He responded with silence. Janelle’s voice lowered. “What if Cora’s got it?”

My already erratic heartbeat stumbled.

Dad didn’t answer her. He did that—left questions lying on the ground like dirty socks.

I fought against the oblivion blanketing me. I wanted to ask him why
he
was taking my blood. I wanted to ask what Janelle meant about my mother. I wanted to ask him so many things, but sleep dragged me under to where there were no answers.

Sometime later, a few pairs of hands lifted me off one bed and onto another much colder one. Freezing, actually. My back arched with the shock of it against my bare skin. Like lying on one of those gel ice packs Janelle insisted on putting in my lunch bag.

“It’s c-c-cold.”

An unfamiliar voice answered, “I know, sweetie. It’s a refrigerated bed. We need to keep your body temperature down, get the fever under control.”

Every nerve in my body came alive, making my sensitive skin feel like an angry army of sharp new hairs were pushing to break through. My teeth chattered, and I tasted the sharp tang of blood from biting my tongue. “This—this is inhumane. C-can I have a blanket?”

“Sorry, Ms. Sandoval. The point is to cool you down, not warm you up. No blanket. You can have this sheet, though.” She draped scratchy fabric across my legs, too insignificant to count as covering. My shivering started almost immediately, a deep shaking that rumbled from my chest outward.

Eventually, I slept, though fitfully due to a creepy light that appeared whenever I closed my eyes. It began as a far-off point but advanced—bit by bit—toward me. My stomach clenched with fear. The light moved deliberately, as if nothing on earth could stop it. As if it were time itself stalking me. A lucid shred of my mind knew this must be delirium from the fever, but it didn’t make it any less scary.

I wished Dad were with me. He’d hold my hand and talk until I fell asleep to the soothing timbre of his voice in the Chilean accent everyone said he had but I couldn’t hear. When he talked, I only heard…my dad.

I was a child of accents I couldn’t hear: Dad’s Chilean one, inaudible because I was used to it, and my mother’s Irish accent that had faded from my memory because she didn’t bother to stick around.

All I inherited from my mother was my fair Irish complexion. My curvy figure was pure Chileno, as was my hair: deep brown, almost black, and wild as if it had been wound around thick tree branches every night.

My awareness drifted below the waves and bobbed back up to the surface now and then, especially when people came into the room. It was like my body registered their presence before my brain did. I wrestled one eye open and saw the outline of a tall, gangling man standing in the doorway. The glaring lights of the corridor behind him were so bright, the man himself was shadow. He stood absolutely still, watching me. I wondered if there had been a shift change with the nurses and, if so, why wasn’t he, you know,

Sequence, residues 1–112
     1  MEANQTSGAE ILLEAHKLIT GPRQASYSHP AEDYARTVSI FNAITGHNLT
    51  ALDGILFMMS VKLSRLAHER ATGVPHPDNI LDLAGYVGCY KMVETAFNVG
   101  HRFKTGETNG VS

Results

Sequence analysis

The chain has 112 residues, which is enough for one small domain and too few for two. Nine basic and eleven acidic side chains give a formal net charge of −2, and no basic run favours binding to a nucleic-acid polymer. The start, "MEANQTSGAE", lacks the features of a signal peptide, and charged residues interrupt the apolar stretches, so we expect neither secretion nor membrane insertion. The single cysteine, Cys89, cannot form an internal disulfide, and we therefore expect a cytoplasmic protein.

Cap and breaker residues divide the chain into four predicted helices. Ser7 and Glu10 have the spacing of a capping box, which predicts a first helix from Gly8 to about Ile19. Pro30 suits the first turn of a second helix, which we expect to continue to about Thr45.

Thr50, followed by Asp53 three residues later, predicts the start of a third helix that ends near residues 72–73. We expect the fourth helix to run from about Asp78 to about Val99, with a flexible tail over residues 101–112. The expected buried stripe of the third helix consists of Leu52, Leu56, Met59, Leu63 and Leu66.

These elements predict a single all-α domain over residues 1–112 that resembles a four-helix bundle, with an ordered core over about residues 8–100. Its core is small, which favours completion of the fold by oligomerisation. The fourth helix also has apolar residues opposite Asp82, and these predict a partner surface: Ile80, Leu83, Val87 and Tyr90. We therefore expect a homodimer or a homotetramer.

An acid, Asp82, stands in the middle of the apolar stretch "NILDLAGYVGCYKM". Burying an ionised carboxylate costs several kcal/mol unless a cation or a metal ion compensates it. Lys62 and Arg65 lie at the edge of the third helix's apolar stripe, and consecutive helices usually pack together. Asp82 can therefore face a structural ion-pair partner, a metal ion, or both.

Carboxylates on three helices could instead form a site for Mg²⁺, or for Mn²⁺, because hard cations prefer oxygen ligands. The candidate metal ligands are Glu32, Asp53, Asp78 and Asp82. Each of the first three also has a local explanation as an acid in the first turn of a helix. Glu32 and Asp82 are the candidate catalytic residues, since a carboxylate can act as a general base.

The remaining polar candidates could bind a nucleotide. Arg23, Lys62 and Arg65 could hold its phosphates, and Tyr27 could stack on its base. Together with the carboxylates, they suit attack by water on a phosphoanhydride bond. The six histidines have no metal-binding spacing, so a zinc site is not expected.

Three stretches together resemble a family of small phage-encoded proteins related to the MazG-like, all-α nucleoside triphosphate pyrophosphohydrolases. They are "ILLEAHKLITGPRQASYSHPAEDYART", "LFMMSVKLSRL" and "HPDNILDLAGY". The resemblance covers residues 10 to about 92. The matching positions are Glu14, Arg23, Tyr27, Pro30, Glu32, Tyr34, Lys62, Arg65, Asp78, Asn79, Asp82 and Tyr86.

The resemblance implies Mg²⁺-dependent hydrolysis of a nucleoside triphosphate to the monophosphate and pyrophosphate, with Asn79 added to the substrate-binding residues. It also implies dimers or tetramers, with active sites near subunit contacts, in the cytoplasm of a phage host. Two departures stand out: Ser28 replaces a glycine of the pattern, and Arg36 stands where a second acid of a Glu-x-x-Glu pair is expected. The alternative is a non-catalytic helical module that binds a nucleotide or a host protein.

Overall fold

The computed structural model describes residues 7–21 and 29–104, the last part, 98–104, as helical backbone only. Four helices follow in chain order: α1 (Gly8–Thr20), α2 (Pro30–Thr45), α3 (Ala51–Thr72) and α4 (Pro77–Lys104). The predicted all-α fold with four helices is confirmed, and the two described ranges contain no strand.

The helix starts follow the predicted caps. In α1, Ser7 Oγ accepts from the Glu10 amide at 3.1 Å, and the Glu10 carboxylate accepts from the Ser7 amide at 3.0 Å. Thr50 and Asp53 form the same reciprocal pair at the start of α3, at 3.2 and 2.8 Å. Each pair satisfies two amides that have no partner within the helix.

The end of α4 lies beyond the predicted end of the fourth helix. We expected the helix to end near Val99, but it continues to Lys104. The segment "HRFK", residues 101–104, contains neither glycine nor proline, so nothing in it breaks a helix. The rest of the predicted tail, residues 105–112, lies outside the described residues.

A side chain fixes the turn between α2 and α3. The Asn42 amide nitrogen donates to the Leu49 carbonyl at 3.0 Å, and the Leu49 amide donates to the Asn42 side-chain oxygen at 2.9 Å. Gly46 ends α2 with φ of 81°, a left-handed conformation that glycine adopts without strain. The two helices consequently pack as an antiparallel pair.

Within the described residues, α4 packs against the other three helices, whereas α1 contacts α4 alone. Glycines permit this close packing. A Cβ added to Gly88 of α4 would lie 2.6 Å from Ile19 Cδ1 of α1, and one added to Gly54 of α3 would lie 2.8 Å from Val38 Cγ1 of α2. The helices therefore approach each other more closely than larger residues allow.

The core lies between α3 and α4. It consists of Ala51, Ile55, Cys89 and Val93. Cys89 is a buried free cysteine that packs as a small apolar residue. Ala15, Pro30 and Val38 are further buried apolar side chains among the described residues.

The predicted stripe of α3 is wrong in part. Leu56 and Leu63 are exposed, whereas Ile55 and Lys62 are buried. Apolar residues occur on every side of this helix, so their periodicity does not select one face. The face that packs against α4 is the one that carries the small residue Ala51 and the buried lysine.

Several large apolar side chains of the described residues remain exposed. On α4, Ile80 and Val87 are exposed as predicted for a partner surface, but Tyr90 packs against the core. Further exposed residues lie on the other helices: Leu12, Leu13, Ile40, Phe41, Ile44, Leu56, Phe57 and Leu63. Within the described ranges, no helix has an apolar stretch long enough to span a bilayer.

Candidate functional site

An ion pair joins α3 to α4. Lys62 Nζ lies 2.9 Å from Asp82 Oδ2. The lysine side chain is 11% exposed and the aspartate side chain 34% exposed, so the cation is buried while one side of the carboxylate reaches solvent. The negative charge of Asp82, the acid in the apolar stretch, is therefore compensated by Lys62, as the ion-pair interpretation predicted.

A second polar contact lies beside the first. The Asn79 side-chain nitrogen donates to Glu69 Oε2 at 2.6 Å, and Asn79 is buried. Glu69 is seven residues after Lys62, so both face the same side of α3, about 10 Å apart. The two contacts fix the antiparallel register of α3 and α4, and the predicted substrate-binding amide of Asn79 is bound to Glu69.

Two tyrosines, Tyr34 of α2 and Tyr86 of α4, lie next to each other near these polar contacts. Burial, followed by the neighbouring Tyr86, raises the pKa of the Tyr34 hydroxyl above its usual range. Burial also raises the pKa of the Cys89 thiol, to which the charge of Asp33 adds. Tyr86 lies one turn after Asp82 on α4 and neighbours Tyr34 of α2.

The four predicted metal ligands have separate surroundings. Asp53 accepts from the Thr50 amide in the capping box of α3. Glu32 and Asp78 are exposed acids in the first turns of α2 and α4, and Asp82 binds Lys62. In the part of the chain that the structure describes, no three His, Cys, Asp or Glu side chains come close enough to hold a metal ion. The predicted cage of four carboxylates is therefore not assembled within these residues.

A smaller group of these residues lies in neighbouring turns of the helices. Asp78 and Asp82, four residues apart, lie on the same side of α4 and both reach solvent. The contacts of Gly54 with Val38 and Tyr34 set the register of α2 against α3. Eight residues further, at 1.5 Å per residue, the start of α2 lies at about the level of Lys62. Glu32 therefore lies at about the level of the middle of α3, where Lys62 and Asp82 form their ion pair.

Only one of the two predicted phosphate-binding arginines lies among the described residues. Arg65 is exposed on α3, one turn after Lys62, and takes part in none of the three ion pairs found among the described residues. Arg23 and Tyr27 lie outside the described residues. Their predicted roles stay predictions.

nursing me
instead of standing there, staring?

Chills assaulted me again, a rolling tremor that made my skin hurt and my chest ache. “Please…,” I mumbled, though I didn’t know what I was asking for.

The man glided into the room, bringing the bright, white light with him so that the hall behind him darkened as he walked toward me. With every step he took, my heart picked up speed, churning to life like an accelerating train. An icy wind blew through me, taking my breath with it.

He stopped just out of arm’s reach and continued to stare at me with dark eyes. They had a crazy look to them, the kind of eyes you see in pictures of serial killers, deranged and remote. This man didn’t belong here. I knew he didn’t.
What do you want?
my brain screamed. I opened my mouth but couldn’t form words, could barely keep my eyes open. I struggled for air.

The light reached into me. I was being pulled out of my body. Evaporating. I crossed my arms over my chest, trying to hold me in. The man took a step back. A flicker of frustration passed over his face. He backed out of my room, his light retreating with him. From the doorway, he gave me one final look, a chilling smirk.

“A mighty flame follows a tiny spark.”